In case anyone is interested, we are seeing: Camelot, The Homecoming, Richard III, Hosanna, Jesus Christ Superstar, The Misanthrope, Grapes of Wrath,Twelfth Night, Titus Andronicus, and The Merry Wives of Windsor.
So really looking forward to this, and have heard good things about many of the productions - Stratford usually does a god job so it should be a blast. And after that we should be able to do without live theatre for at least a few weeks!
Winnipeg has also been sitting under this heat dome that is blanketing the midwest, and it is just gross. I do not do heat well - there is a reason I live in a place nicknamed "Winterpeg"! (City Motto: It may be minus 40 Celsius, but it's a DRY cold!) -20C bothers me not at all, but I feel sick when the temperature is high. I am profoundly grateful that I a) have air conditioning; and b) work at home. I cling to my a/c vents when it is 37C and pat them and call them pet names.
But the heat broke for us - apparently just for a few days - on Friday and yesterday was actually a bit cool. It was DELIGHTFUL!! I spent much of the afternoon and evening sitting on our new screen porch, (which protects us from Manitoba's provincial bird, the mosquito) with a purring cat, a short rain squall followed by quietly dripping trees, volume 3 of Song of Ice and Fire and a cup of tea. Lovely.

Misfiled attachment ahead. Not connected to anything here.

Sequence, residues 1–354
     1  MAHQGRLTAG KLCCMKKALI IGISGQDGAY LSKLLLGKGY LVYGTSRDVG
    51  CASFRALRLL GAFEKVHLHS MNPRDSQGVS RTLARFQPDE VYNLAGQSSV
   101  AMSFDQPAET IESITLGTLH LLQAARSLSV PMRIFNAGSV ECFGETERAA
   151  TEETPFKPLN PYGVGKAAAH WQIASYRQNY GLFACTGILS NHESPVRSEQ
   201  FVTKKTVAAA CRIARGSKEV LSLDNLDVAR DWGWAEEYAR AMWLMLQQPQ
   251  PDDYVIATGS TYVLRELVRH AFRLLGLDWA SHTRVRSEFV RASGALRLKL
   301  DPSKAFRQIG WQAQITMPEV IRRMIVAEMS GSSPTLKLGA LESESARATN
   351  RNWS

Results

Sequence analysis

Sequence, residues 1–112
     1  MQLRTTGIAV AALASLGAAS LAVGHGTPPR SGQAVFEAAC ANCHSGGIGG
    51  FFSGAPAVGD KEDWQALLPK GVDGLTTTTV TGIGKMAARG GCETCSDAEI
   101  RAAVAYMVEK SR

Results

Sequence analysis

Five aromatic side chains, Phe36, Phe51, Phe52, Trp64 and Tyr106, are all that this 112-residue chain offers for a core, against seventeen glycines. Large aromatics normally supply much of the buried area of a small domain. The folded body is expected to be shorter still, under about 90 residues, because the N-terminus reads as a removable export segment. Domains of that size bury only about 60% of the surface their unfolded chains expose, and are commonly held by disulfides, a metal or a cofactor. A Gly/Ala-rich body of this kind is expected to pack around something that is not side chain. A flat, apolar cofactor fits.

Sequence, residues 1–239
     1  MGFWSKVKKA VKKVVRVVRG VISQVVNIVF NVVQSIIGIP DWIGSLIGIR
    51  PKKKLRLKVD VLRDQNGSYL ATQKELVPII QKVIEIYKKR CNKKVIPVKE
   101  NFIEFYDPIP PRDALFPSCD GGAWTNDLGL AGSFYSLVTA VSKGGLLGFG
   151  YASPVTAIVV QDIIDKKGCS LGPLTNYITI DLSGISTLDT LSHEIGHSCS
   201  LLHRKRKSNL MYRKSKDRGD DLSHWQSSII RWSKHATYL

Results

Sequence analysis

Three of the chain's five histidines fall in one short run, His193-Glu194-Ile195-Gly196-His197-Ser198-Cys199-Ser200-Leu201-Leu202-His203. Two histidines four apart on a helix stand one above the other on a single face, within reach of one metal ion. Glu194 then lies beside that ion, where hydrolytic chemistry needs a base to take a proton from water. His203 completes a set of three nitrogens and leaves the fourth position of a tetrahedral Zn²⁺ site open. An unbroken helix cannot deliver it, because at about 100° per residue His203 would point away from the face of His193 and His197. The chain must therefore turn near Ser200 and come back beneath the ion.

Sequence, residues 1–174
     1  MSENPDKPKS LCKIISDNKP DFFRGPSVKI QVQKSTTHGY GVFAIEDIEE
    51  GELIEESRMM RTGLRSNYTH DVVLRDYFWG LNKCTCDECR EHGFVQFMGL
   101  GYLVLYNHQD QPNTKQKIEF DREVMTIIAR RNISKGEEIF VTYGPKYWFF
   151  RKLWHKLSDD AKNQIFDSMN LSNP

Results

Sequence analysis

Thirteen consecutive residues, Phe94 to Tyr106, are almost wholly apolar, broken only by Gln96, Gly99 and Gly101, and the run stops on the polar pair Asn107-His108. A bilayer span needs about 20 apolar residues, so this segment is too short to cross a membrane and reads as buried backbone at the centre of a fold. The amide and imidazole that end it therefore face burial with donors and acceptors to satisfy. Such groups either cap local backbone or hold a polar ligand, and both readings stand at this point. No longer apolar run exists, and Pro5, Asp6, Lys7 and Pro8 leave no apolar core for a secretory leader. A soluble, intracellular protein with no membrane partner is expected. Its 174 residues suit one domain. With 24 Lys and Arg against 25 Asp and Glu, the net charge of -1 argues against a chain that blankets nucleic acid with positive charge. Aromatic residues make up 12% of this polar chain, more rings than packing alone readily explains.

We were able to eat dinner on the porch (it has been too hot for me to use for the last 10 days or so) and then our wonderful neighbours came over with dessert. An excellent day all round.
Today is a bit warmer but still reasonably pleasant - I gather late in the week it is supposed to go back up over 30C (which is around 86F for those who do not speak metric) but I am keeping fingers crossed that the heat wave breaks all over the midwest before we head down to Musecon in 10 days time.
And aside from whining about the heat I have come to the conclusion that I am incredibly blessed and fortunate in my life, my family, friends, home and even country. None of whom are perfect but all of whom are wonderful. (My beloved having his biopsy results come back all negative, everything benign, probably has a large part to do with a positive frame of mind!) World news makes me sad (which is why I try to avoid it as much as possible) but it also puts things into perspective for sure!
So I will try to not whine about heat and just send waves of love and fairy dust out into the ether, to hopefully improve someone else's day. Hugs and foot rubs all round!
Over the last couple of weeks, with the exception of a couple of tweets from my mobile, have not been online much and am happy to re-enter the cyber world and catch up on what people have been doing. It was a stressful couple of weeks as Alan had some fairly significant gut surgery. They were able to do the surgery laparoscopically which makes an enormous difference in how fast one recovers. He had the surgery June 24 and was able to switch from morphine to Tylenol 3 in three days and come home on the fourth day - he has been recovering very fast at home and is able to do most things for himself now, including going out for breakfast this morning which was very exciting! He has been altogether drug free for two days now. When I think of what I went through post Caesarean section - mind you, that was 25 years ago - this is almost miraculous.